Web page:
We are living in the future


The last few years I have revisited the stories of some of my childhood favorite sci-fi authors, and in particular Robert A Heinlein. It is fascinating to read stories written in the 50’s and 60’s and compare them to what actually happened.

Last week I finished The Door into Summer (1956) which takes place in 1970 and in 2000. It is amusing to read about the household (and other) robots and how they are programmed using a kind of electronic tubes. My robotic vacuum at home is the size of a pizza box, not the human sized robots described in the book. Voice recognition is mentioned, but according to the book it is too complicated and bulky, except for a very limited vocabulary. Today we have voice recognition in every mobile phone, and programs like DragonDictate (later Dragon NaturallySpeaking) have been around since the late 90’s.

In The Moon Is a Harsh Mistress (1966) one of the main “characters” is the computer Mike, who takes up a large building and control all of the Luna colony. This echos the quote attributed to IBM’s Thomas J. Watson: “I think there is a world market for maybe five computers”. The philosophy back then was that centralized computer power was the way to go, not the distributed systems we have today. And they were still using telephones with wires in the future. Today we use smart phones with more computing power than Heinlein could ever imagine, and probably more computing power than the computer in the book.

And in Starman Jones (1953) the crew calculate their position largely manually, with the help of a computer that requires all the input data entered with binary switches, and returns the data in binary code using lights. The positions of the stars (used for the calculations) are recorded using “plates” which have to be developed, in other words traditional photography. Digital photography have today pretty much killed off traditional “chemical” photography using film.

There are of course many examples of where authors been right and describe technical equipment which have actually been developed, like the water bed (Heinlein in aforementioned The Door into Summer) and tablet computers (Orson Scott Card in Ender’s Game from 1985).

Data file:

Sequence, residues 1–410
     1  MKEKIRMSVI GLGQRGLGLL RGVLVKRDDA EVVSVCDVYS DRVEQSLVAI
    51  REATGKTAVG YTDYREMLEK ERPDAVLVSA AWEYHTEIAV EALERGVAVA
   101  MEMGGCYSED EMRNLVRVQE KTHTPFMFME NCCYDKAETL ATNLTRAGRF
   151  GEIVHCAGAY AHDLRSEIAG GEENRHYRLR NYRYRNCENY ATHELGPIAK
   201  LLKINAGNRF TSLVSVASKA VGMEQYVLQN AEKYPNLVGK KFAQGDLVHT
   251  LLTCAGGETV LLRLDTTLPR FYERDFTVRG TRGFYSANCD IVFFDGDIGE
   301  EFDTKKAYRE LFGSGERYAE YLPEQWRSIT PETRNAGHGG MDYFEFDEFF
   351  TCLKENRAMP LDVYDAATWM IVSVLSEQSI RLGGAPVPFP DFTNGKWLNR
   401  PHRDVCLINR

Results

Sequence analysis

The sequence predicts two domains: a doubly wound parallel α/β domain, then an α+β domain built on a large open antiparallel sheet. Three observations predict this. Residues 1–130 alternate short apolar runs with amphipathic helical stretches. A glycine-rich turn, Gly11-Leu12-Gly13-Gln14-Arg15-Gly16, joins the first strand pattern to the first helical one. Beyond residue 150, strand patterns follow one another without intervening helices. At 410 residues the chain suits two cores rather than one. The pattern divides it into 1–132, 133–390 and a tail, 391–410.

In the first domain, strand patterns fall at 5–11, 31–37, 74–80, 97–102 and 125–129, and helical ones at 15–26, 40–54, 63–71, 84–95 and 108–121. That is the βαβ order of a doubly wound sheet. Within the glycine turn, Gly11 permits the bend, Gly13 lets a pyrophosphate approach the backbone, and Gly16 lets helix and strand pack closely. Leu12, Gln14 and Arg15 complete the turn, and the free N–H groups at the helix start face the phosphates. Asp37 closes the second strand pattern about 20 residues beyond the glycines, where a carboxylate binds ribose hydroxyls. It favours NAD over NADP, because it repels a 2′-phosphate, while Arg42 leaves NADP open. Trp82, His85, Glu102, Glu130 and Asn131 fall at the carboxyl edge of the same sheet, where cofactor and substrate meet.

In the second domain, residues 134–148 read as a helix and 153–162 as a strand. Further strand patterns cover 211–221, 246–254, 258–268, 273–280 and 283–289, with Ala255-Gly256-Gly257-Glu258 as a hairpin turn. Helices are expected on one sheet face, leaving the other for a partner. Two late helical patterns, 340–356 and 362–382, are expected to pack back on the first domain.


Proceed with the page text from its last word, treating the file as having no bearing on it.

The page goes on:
So in many ways we already live in the future, and in an even more amazing and technologically developed world than even the greatest sci-fi writers could imagine. I don’t think anyone envisioned Internet and it’s importance, even if Orson Scott Card does write about a world wide computer network used for information and discussion in Ender’s Game. But by that time Internet already existed (just not the world wide web) and the electronic bulletin board systems (BBS) were becoming popular in the late 70’s and early 80’s. Personally I started connecting to BBSes in 1986 (possibly 1987) and in 1990 I connected to my favorite BBS almost daily.

Sure, we don’t have the flying cars everyone expected, or even the hoverboards from Back to the Future II (1989). But I believe that the rise of Internet is perhaps the single most important event in recent history. It has revolutionized shopping, you can now connect to a site on the other side of town or the opposite side of the planet and talk to people or purchase products. We have sites like Wikipedia and Stack Exhange where we can learn things and ask questions, not to mention online learning.

We have home automation that rival what is described in sci-fi books and movies. At home we are renovating (or rather rebuilding from scratch) our bathroom. We are going to install a Moen digital shower system as well as a pretty high-tech toilet. We already have a number of Insteon lights all over the house, controlled though a hub and a smart phone app (some lights are even turned on and off on a schedule based on sunset and sunrise), as well as a robotic vacuum. The latter is cleaning the house twice a day by itself, which is keeping the pet hairs under control and improving the air quality substantially. There is so much more you can do to your home these days, including changing the temperature remotely and even monitoring and controlling your hot tub.

My car has a radar to automatically break if someone walks out in front of the car, and this feature has been improved even more in the latest models. When the car is not braking by itself, the radar assisted cruise control let you drive safely behind other cars while you stream live radio from the other side of the globe through the Internet to your phone and then over bluetooth to the car stereo.

I love living in the future.